A handle with a tiny chuck designed to hold pin-size drill bits or scribing tools.
Targeted wash applied to specific areas of a model.
Panzerkampfwagen, German term for tank or armored fighting vehicle.
A fine-tooth miniature saw for delicate work.
An older, often unavailable kit that is put back into regular production. Also referred to as a re-release.
A technique to create a wash effect on raised panel lines by painting the lines the desired color, usually black or dark gray, then painting a protective clear coat. Once the final color coat is applied, the panel lines are lightly sanded, revealing the darker color underneath.
Humorous (usually) term for detail-obsessed modelers
Full-length, one-piece vinyl tracks. Ends are joined by applying heat, glue, or both. They are more common on older kits. Also known as loop tracks.
Using rubber cement to mask entire areas, or to mask irregularly-shaped areas to simulate chipped, worn, or scuffed finishes. First, a base-material color (such as aluminum or steel) is applied in the desired area. Then rubber cement is applied over that area in a stippling or stabbing motion. After the rubber cement dries, the top color is applied and allowed to dry. Then the cement is rubbed off, exposing the color underneath.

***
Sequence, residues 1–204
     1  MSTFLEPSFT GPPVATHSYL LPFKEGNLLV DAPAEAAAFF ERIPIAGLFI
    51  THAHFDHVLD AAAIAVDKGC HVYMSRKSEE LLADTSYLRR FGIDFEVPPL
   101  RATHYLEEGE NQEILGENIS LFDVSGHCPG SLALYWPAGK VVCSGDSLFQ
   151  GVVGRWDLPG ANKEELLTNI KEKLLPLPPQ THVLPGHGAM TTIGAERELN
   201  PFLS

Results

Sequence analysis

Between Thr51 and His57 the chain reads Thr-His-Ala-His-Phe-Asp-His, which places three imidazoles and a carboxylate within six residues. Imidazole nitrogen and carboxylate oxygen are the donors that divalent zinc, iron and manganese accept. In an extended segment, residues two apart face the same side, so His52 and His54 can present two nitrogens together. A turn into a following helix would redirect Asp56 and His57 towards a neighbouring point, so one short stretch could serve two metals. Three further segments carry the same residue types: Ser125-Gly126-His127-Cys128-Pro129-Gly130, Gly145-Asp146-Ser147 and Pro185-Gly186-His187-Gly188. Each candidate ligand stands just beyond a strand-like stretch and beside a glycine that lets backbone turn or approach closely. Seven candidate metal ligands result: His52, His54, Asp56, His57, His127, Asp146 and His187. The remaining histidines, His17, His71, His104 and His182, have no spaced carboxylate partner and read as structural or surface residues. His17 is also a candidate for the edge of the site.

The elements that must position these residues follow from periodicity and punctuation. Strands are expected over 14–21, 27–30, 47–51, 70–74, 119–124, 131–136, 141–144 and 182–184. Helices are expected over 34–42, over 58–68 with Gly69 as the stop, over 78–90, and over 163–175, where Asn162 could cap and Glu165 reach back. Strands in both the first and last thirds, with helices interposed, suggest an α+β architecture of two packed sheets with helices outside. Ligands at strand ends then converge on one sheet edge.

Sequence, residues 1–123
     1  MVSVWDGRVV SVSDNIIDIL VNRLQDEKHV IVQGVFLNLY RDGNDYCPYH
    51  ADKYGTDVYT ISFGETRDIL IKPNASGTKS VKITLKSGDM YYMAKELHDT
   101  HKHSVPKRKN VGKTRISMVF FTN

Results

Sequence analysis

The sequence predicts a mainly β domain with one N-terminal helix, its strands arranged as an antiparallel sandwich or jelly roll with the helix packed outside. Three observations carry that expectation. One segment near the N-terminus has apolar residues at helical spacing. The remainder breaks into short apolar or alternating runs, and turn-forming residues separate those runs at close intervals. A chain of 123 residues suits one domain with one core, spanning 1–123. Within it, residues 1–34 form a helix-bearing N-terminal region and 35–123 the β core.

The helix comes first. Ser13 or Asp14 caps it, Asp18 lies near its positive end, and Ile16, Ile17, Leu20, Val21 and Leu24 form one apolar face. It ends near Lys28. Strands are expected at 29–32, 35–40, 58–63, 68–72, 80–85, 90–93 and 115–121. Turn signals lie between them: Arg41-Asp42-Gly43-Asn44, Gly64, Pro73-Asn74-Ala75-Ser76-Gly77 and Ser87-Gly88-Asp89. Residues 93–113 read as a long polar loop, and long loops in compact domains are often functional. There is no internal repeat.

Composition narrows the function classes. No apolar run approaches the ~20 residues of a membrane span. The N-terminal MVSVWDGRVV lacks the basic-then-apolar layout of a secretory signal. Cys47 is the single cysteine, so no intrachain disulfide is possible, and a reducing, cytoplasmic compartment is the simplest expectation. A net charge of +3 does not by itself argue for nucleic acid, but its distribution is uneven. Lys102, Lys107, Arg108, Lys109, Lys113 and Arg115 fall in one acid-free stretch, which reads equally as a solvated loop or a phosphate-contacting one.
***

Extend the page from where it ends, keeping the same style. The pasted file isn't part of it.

The proportion a model bears relative to the full-size object it represents.
A model (or component) constructed “from scratch,” not from a kit.
Generally, using a pointed tool to carve a line (such as a panel line) into the model’s surface.
Sonderkraftfahrzeug, “special purpose vehicle”; SdKfz numbers were assigned to all purpose-built German military vehicles, but other terms took precedence for tanks, self-propelled guns, and other heavier vehicles, with SdKfz more likely to describe armored cars, halftracks, and other vehicles.
Molded styrene parts that cool incorrectly can be marred by sink marks, depressions in the surface.
Injection molds that use more than the traditional two-part top and bottom steel molds. In a slide mold, additional mold pieces can be placed into the sides of the main mold halves, allowing for undercuts and even hollow parts impossible with two-part molds.
“Silvery” areas that appear around or under incorrectly applied or defective decals.
A booth with an exhaust fan to remove harmful vapors emitted by paint, adhesives, and other noxious materials and supplies.